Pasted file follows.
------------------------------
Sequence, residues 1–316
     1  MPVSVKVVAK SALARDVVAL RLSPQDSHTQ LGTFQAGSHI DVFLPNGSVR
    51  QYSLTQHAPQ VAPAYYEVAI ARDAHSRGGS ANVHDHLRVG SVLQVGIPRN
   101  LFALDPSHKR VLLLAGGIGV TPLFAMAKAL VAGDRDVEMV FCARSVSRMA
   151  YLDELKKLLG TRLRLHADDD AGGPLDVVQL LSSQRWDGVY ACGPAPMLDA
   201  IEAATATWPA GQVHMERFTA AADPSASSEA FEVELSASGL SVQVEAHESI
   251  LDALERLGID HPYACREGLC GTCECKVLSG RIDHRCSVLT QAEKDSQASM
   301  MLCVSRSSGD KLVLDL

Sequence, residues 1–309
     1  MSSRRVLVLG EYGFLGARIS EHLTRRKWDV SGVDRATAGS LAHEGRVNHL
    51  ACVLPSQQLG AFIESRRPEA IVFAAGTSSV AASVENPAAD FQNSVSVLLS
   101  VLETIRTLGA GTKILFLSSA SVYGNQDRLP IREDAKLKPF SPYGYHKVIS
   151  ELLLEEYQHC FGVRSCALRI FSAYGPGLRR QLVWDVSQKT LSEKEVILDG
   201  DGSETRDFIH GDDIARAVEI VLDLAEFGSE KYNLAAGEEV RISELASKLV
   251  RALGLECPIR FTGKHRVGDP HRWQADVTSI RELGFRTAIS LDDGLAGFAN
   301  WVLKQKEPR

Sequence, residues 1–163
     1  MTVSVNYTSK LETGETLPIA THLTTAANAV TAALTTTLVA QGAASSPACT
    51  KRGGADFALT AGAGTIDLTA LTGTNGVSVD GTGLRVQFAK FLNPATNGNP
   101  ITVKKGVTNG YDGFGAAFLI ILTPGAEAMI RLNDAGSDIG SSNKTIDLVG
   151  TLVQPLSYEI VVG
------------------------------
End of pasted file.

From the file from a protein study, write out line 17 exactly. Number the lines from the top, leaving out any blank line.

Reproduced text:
Sequence, residues 1–163